Currently, Alabamian schools aren’t required to teach sex ed, but if they do they must emphasize various bullet points, including the notion that homosexuality “is not a lifestyle acceptable to the general public” and that abstinence “is the expected social standard for un-married school-age persons.”

As for what kind of instructions students in the state actually receive, AIDS Alabama’s fiery CEO, Kathie Hiers, quips, “A lot of the schools do what I jokingly call ‘drive-by sex ed.’”

Shepherd was bombarded with a slide show of graphic and horrific images of STIs, presented as common consequences of sex and not the worst-case scenarios that they most likely were. Then there was the lecture from the imported sex-ed teacher who, Shepherd recalls, “used the word ‘ho’ about five times in 30 seconds.”

In an attempt to teach the students about how wanton sexual behavior among both boys and girls could qualify a member of either sex as a “ho,” the woman was rather inartfully attempting to place a gender-equality cherry on top of her shame-based teaching.

“But I don’t think you should be calling anybody a ‘ho,’” Shepherd says. “That was a really low point in my sex ed. What high schoolers really need at that point in our lives is very level-headed education and a lot of facts, and that’s not what we were getting at all.”

Jason Villalobos Another pervasive problem in sex-ed messaging lies in the credentials of the messengers themselves.

“We have a lot of educators who, while being well meaning, aren’t necessarily trained to provide sex education,” says Advocates for Youth’s Debra Hauser. “Few were required to study either the content or the pedagogy of sex education while in college.”

However, there is hope according to Leslie Kantor of Planned Parenthood, “The great news about HIV and sex education is that when it is done well it is taught in an extremely compelling way.”

Jason Villalobos, a 34-year-old HIV-positive substitute teacher, works to pick up where gym teachers leave off in his capacity as a guest speaker teaching HIV prevention on behalf of Planned Parenthood throughout the County of Santa Barbara, California, school district.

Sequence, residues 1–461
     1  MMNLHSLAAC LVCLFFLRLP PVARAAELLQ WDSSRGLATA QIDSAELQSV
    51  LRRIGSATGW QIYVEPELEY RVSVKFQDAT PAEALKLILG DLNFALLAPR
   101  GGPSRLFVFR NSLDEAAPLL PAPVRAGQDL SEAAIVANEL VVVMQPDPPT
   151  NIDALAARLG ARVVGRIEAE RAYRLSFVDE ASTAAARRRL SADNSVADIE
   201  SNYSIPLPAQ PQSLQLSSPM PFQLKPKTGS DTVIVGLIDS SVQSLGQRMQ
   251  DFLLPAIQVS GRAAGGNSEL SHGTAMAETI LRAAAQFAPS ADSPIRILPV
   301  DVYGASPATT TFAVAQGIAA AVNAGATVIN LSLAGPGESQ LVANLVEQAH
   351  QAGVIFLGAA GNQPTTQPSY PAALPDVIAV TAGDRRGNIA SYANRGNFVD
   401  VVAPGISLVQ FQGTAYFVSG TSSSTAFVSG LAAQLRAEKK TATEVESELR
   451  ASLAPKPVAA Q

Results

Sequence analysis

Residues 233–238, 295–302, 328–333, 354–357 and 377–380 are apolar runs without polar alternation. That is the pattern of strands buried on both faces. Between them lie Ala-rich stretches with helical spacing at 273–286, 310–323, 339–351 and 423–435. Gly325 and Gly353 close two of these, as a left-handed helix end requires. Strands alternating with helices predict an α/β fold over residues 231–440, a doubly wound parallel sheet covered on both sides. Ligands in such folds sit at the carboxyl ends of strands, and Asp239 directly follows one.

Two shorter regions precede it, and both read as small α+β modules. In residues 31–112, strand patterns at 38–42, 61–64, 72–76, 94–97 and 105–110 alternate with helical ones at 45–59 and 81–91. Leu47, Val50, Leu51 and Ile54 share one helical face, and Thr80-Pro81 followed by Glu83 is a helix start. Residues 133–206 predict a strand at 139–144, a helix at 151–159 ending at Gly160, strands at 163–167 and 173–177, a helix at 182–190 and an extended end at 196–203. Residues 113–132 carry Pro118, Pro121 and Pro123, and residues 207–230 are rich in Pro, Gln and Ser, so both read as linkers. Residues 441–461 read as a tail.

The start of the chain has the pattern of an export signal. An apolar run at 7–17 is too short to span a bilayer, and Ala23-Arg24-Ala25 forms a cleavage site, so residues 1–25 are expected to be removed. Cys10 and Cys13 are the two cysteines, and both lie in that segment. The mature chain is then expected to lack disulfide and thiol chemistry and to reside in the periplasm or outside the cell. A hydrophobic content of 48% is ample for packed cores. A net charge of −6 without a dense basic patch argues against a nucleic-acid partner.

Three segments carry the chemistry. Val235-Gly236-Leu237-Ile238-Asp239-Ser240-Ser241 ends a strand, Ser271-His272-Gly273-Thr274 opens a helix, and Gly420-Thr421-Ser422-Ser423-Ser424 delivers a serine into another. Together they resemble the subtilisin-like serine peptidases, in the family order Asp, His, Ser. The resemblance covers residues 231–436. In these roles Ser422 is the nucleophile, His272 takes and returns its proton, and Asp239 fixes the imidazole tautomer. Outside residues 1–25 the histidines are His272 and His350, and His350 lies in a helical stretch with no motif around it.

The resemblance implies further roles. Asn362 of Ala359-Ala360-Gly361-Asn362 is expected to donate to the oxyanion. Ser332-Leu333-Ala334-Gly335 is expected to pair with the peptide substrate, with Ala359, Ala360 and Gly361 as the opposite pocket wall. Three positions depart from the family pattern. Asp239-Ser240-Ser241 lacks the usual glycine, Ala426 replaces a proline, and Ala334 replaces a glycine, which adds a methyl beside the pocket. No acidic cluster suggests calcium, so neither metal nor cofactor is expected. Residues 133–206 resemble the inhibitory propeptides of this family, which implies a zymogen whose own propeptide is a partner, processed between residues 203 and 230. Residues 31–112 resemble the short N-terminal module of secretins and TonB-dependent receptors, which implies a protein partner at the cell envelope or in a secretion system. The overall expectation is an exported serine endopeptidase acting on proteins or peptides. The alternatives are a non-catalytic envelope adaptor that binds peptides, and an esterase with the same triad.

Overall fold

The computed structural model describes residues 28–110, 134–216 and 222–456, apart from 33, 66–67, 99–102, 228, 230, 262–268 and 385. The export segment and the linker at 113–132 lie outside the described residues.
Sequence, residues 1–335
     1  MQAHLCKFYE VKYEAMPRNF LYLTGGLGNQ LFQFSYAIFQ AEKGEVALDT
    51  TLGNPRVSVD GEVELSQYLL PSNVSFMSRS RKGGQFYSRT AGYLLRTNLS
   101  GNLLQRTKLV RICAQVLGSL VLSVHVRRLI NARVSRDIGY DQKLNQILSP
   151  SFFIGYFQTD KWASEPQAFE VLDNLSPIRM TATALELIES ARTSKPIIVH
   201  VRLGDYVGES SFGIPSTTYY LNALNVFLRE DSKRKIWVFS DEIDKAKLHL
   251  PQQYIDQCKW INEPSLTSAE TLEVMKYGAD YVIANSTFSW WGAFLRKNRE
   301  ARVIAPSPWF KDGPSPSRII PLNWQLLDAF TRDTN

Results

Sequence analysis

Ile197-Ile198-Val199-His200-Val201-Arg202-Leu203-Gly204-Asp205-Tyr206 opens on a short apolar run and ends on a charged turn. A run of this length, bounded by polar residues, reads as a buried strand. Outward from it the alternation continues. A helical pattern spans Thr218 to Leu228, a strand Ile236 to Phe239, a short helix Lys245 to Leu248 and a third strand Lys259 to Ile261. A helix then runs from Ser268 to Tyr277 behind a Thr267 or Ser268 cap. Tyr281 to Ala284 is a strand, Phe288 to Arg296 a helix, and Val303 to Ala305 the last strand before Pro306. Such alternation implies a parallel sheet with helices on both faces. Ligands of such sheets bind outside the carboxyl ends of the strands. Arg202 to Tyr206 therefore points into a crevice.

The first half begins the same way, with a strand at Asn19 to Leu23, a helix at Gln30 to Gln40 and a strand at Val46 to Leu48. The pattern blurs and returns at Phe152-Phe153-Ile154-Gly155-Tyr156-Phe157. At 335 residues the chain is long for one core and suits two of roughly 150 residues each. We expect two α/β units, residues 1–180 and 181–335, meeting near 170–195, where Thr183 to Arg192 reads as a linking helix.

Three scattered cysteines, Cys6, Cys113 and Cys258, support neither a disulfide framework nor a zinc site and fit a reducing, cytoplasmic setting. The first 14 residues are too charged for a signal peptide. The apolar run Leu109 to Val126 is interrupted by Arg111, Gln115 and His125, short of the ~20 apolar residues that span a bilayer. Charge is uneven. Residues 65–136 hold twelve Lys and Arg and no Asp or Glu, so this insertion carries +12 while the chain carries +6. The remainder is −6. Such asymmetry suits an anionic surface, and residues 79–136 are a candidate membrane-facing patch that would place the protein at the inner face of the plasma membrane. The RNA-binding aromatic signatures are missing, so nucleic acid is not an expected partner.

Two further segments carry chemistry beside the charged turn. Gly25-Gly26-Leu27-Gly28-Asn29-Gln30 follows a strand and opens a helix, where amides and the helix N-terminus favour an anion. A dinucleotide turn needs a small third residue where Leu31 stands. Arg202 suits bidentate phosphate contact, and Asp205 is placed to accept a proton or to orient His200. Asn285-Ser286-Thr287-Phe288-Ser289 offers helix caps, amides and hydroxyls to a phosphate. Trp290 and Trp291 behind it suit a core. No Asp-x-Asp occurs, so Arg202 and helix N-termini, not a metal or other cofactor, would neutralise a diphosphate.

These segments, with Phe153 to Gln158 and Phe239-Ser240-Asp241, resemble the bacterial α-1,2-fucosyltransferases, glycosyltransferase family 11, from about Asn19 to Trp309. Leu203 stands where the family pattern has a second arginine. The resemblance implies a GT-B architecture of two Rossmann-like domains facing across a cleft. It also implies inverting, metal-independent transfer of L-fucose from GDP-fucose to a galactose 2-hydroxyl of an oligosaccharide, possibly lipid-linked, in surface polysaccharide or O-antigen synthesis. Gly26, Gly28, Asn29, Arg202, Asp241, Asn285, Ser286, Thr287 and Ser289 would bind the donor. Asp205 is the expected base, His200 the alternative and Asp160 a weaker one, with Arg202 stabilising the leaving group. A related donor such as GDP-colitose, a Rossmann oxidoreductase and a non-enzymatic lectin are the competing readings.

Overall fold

“The real challenge was: How do I wake these kids up from their slumber and make them realize that this is something to be concerned about?” he says.

Like Jahlove Serrano, who says his M.O. is to relate to kids on their level and speak with them in a language they can understand, Villalobos says he has been able to bridge the gap and get kids to key into his lessons about HIV by drawing parallels between discrimination he has suffered and the everyday slings and arrows of being a teenager.

Villalobos tells them about how men didn’t want to date him, about being rejected by his own Mexican community for his HIV-positive status, and also about being called a “wetback” as a child. It turns out that kids are well versed in the language of ostracism.

“Slowly, hands went up,” he recalls of the first time he tried this approach. “It was remarkable. In one class I had a young 16-year-old girl who came out to the class as being a victim of sexual assault. Another young man said that his favorite uncle was gay and had HIV and that he knew all about the disease.”

Serrano puts the key to success in no uncertain terms: “Education is education,” he says. “I mean, ‘HIV 101’ is just blah. But if you have somebody telling it like it is, in their language, it’s a different experience.”